By Michael E. Miller
By Ryan Yousefi
By Kyle Munzenrieder
By Sabrina Rodriguez
By Michael E. Miller
By Carlos Suarez De Jesus
By Luther Campbell
By Kyle Munzenrieder
The decades of abuse, humiliation, and indignity that fuel such statements are documented in the reams of legal pleadings filed over the years by lawyers working for the center, as well as in academic studies and opinions penned by federal judges, urging better and more just treatment of Haitian refugees.
But the wretchedness of the Haitian experience in the United States can have unintended consequences. To the same degree that refugees have been victimized, their defenders and spokesmen have gained moral legitimacy, power, and clout. Within the community, the standing of the Haitian Refugee Center is virtually unassailable, which has enabled a succession of executive directors to avoid both external scrutiny and internal accountability, often to the detriment of the people they seek to help.
The Haitian Refugee Center was formed in 1973 under the auspices of the National Council of Churches to protect the rights and promote the welfare of refugees fleeing the brutally repressive regime of Jean-Claude "Baby Doc" Duvalier. Led by Ira Kurzban, a Miami immigration attorney who has worked closely with the center since its founding and is currently an advisor to the Haitian government, a group of lawyers set about challenging the government's treatment of Haitian refugees. Among their first successes was securing a guarantee that nearly all refugees would be given the opportunity to ask for political asylum. Soon after that, however, the lawyers uncovered a sweeping government scheme to systematically identify and deport Haitians. Well documented by government memos, it was called the "Haitian Program."
It started with what lawyers referred to as a "bait and switch" operation. Work authorizations were offered to the Haitians during the Seventies, but in 1978 they were suddenly withdrawn and the applicants were placed in deportation proceedings. "The only reason that Haitians were given work permits was so that the government could find out who were illegal aliens and deport them," says Irwin Stotzky, a law professor at the University of Miami who participated in many of the lawsuits filed by the Haitian Refugee Center.
Asylum hearings were accelerated. While the average workload of an immigration judge had been one to ten hearings a day before the program began, afterward it increased to as many as 80 hearings a day, Kurzban remembers. Almost without exception the cases ended badly for the Haitians.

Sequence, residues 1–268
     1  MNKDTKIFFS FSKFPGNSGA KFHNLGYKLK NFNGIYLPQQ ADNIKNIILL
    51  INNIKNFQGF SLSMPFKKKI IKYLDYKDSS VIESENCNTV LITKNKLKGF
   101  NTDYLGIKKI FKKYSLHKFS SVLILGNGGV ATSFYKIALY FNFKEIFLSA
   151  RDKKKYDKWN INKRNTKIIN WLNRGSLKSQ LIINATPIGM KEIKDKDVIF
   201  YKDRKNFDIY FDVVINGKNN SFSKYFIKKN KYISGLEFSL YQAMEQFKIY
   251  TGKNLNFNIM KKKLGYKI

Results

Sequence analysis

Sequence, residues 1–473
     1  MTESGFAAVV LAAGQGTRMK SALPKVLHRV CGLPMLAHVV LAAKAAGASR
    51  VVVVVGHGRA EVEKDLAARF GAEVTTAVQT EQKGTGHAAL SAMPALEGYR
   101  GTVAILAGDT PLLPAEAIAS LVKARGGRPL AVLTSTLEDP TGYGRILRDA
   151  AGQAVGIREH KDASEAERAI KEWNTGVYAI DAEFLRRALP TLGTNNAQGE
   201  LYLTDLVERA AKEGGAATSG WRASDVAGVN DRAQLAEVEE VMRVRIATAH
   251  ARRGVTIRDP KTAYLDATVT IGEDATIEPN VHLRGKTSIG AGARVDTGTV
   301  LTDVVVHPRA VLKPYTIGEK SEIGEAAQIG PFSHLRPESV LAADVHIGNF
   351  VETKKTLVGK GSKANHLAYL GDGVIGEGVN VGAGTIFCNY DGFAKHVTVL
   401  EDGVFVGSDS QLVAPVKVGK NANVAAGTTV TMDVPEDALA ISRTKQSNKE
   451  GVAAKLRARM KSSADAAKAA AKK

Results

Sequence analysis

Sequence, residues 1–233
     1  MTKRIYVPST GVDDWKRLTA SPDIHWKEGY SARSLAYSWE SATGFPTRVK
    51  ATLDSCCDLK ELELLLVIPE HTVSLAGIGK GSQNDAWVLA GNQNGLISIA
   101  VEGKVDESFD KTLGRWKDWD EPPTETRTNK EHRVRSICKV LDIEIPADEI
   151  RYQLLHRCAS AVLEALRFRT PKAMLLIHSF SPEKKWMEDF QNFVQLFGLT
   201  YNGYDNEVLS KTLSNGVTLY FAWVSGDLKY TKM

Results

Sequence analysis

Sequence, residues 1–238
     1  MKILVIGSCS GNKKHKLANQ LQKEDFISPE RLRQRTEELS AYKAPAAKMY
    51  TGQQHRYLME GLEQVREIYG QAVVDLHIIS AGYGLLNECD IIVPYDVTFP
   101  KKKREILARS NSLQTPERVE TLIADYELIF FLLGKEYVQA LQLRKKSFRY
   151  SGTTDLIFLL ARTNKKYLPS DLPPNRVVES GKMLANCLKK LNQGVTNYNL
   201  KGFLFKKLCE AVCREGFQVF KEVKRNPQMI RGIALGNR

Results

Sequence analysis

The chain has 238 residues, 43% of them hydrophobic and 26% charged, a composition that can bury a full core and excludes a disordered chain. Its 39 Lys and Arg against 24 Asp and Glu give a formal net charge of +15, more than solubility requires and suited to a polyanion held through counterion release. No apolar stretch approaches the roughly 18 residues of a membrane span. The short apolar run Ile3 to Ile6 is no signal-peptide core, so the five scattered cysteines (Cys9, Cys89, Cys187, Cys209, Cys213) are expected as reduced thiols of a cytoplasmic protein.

At least 4000 asylum seekers were slated for deportation by 1979 when the Haitian Refugee Center filed suit in federal court challenging the program. During the trial, the center's attorneys, including Kurzban and Steven Forester, sought to establish not only that the procedural flaws in the Haitian Program had denied refugees due process, but that Haitian asylum claims were justified by the savagery of Duvalier's rule. "We brought in all the evidence about the political conditions that they had ignored when processing the claims," Kurzban recalls.
The trial attracted journalists from around the nation who produced stories about the notoriously inhumane Port-au-Prince prison called Fort Dimanche, as well as rigged elections, torture, beatings, and disappearances. In the end, Judge James Lawrence King condemned the Haitian Program and ordered that the 4000 claims be reheard. In a lengthy and scathing opinion, King wrote, "Over the past seventeen years, Haitian claims for asylum and refuge have been systematically denied, while all others have been granted. The recent Haitian Program is but the largest-scale, most dramatic example of that pattern."
According to Kurzban, the successful lawsuit had an additional effect. In the spring of 1980, President Jimmy Carter legalized the status of the 125,000 Cuban refugees who had arrived during the Mariel boatlift. Also affected by the beneficial change in legal status were 15,000 Haitian refugees who had arrived prior to October 10, 1980. Kurzban says the timing was no coincidence: "They knew about the lawsuit in Miami, they knew they were going to lose, and they knew they were going to be embarrassed. In addition, pressure was being exerted in Washington that it would appear racist and discriminatory not to include Haitians in the new status. The decision was made at the highest levels in the White House to include the Haitians."
The center's attorneys didn't have much time to celebrate their victory. By the spring of 1981, the new Reagan administration had instituted an ominous policy change. Asylum seekers were to be detained indefinitely pending the resolution of their claims. Not since Ellis Island shut down in 1954 had the government operated large-scale detention centers. In the past, only those aliens believed to pose a threat to national security or thought to be unlikely to return for their hearings had been routinely detained.
The Krome Service Processing Center, located off Krome Avenue where development sprawl meets swampland, was quickly overwhelmed with detainees. The government's solution: mass hearings and transfers to other parts of the country. Steven Forester recalls running into Ira Kurzban soon after the new policy went into effect. "He said, 'Steve, you'd better go to immigration. They're having hearings for 60 people at a time. Something crazy is going on.'"
Forester raced to the old federal building in downtown Miami only to be physically thrown out of court. Undaunted, he returned with a Creole interpreter and took to standing in public hallways, loudly announcing that the refugees had the right to an attorney and to appeal unfavorable decisions. "It was a farce," he remembers. "They literally moved refugees up back stairways instead of using the elevators just to avoid me."